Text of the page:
In Daraa: Intimidation Escorts the Near End of the “De-Escalation” Agreemen

A Free Army fighter stands near the Air Force Intelligence Branch in Daraa – 31 January 2018 (Nabaa).

A Free Army fighter stands near the Air Force Intelligence Branch in Daraa – 31 January 2018 (Nabaa).


The agreement that provided for reinforcing the “de-escalation” areas in Daraa governorate has reached its last days. The word “temporary” dominated the scene, for it was the most remarkable of all the agreement’s provisions, carrying a clear indication that the area might, at any moment, burst into flames immediately after the expiry of the agreement.

Despite the statements that Jordan’s Minister of State for Media Affairs, Mohammad Al Momani, has issued, saying: “The agreement is a crucial step within the tripartite joint efforts that aim to stop violence in Syria.”

The signals sent by Assad’s forces about the agreement being “temporary” had a negative impact on the people in Daraa governorate; for the past months, they lived in a state of suspension, no peace and no war, witnessing the failure of the agreement that joined Eastern Ghouta and Idlib governorate.

The Countdown is Starting!

Assad’s forces started following a new approach with the agreement being close to expiry; they used the policy of intimidation, which they directed towards the areas under the control of the opposition in Daraa governorate through repetitive confirmation that the “countdown” would be starting on the tenth day of February, on which the agreement would be annihilated.

The intimidation policy was manifested in threatening the city of al-Sanamayn, in the northern countryside of Daraa, considering “the rehearsal of evacuating the city for a few hours as a miniture of what the city will be living incase it refused to reconcile,” according to what a source, close to the Assad’s forces 9th Armoured Division, has told Enab Baladi, after the hours’ long stress that the city underwent following a statement by Assad’s forces that announced evacuation in preparation for the incursion, before it withdrew the statement, shifting to a language of high-pitched threats.

The source added that Assad’s forces demanded the inclusion of the city in the reconciliation process and handing over the weapons; it also threatened that the deadline is the 10th of February, after which force would be used since the “de-escalation” agreement would be already finished by then.

The source indicated that this was the first time that the Syrian regime uses such a language with the city, pointing that “it might be an introduction for a battle that is being prepared [to be launched] when the agreement ends in the northwestern countryside of Daraa, and that the city of Al-Sanamayn is only the beginning.”

The source also confirmed that what Assad’s forces have been spreading about one of their element’s being kidnapped in the city is only a “lie,” aiming to create a pretext to elevate stress and pave the way for their plan.

Days before the threats, Assad’s forces returned many of their forces to the vicinity of the Al-Sanamayn, after they had sent them for weeks to participate in the battles of the city of Harasta in eastern Damascus, a thing that increased the state of anticipation in the city.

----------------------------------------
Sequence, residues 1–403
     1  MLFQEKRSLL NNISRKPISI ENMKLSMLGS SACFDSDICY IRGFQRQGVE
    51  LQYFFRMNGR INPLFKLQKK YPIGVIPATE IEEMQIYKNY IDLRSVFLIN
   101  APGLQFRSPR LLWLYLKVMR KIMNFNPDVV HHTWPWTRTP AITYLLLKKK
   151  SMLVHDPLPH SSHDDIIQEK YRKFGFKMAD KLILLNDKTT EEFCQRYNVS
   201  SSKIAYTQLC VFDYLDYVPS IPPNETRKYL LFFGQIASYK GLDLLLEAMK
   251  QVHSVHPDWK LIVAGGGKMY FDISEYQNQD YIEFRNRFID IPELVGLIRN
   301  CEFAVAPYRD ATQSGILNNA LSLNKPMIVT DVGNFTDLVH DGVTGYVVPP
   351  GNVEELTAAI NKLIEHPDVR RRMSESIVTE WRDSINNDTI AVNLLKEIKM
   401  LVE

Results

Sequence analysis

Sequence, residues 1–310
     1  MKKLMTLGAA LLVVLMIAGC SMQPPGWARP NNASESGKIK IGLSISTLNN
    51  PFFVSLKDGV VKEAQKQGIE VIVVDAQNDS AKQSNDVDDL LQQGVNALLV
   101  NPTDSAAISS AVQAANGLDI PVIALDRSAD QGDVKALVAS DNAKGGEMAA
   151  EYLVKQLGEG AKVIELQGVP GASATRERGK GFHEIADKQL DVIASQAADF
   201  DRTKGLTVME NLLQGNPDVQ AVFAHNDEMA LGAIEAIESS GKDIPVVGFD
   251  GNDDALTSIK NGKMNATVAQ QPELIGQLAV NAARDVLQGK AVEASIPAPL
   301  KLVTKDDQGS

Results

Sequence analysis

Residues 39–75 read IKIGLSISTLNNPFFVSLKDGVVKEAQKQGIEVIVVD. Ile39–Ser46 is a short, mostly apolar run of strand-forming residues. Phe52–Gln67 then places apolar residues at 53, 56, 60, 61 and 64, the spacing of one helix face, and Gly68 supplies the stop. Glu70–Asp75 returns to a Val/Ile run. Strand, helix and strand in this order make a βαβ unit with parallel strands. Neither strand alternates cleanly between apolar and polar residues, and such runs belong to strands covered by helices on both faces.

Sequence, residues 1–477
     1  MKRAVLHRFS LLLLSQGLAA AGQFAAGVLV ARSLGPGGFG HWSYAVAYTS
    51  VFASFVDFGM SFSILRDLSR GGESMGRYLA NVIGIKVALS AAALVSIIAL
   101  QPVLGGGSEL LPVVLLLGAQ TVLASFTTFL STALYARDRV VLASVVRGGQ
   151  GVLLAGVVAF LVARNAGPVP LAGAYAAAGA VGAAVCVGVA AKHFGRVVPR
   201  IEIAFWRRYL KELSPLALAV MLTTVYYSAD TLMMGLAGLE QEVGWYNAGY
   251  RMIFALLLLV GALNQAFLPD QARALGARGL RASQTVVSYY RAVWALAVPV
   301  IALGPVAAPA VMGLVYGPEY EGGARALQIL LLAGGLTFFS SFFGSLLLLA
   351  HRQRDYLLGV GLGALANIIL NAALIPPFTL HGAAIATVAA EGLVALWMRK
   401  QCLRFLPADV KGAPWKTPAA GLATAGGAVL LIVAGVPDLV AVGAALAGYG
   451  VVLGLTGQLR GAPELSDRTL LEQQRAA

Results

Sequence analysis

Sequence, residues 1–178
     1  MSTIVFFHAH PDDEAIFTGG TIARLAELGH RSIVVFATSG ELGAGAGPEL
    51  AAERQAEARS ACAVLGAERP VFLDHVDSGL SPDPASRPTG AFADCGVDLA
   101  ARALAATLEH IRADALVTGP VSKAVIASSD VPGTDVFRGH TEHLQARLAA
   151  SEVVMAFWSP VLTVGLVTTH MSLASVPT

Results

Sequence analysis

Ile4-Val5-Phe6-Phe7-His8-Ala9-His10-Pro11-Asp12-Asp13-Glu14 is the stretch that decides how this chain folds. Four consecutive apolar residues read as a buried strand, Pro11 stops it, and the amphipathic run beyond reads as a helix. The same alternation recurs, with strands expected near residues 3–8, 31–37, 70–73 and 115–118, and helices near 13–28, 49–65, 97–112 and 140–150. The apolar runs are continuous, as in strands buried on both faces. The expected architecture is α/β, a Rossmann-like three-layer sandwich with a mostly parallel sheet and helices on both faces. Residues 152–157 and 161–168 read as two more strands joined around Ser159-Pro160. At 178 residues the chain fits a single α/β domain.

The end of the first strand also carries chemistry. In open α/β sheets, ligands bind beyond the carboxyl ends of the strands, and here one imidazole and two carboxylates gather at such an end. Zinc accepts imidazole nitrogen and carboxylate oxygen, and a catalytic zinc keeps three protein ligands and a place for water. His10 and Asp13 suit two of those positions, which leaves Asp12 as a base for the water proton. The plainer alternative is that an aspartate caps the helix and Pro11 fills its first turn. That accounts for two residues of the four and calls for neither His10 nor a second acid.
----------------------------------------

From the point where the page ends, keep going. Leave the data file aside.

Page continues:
From Jasim to Al-Sanamayn

Not that far from the city of al-Sanamayn, Assad’s forces are applying pressure on the city of Jasim, despite that fact that it is not witnessing a siege like al-Sanamayn. However, the threats about the close expiry of the “de-escalation” agreement is the common factor between the two cities.

Assad’s forces are planning to “distance the city from the battles that the area might witness and to prevent the factions from using it in the battles,” according to Abu Mahmoud al-Jabbawi, a man from the city, who is informed of Assad’s forces threats.

Al-Jabbawi told Enab Baladi that the threats have been sent by a number of mediators, and Assad’s forces asked for including the city in the reconciliation process and distancing it from the battles.

Al-Jabbawi pointed out that the Syrian regime is trying to neutralize all the major cities in the Jaidour area from the anticipated battles in the northwestern countryside of Daraa by threatening them with shelling, adding that: “They are trying to deliver messages, that if the people prevented the opposition factions from using the city during the battles, they would not have to endure shelling,” as a form of direct pressure on the popular incubator of the opposition’s factions.

The regime has been using the end of the “de-scalation” agreement as a pretext for all the military operations against the city of Jasim, according to al-Jabbbawi, who pointed out to the same date that has been used to threaten the city of Al-Sanamayn, “they told the mediators that after this date (February 10) they will be shelling any city that shows a military movement on the part of the opposition factions.”

The “de-escalation” agreement has after all been in the favor of the Assad, for it stopped certain fronts and inflamed others. Since the ceasefire and the “de-scalation” agreements entered into force in Daraa governorate, in the second half of the last year to February 2018, the control map in Syria has changed a lot for the advantage of the Syrian regime, especially in the north and the east.

The map preserved its borders in the south, and the opposition factions, in Daraa, favored to keep a distance from action, while most of the analysis indicate that Daraa will be the heart of action in the upcoming phase.

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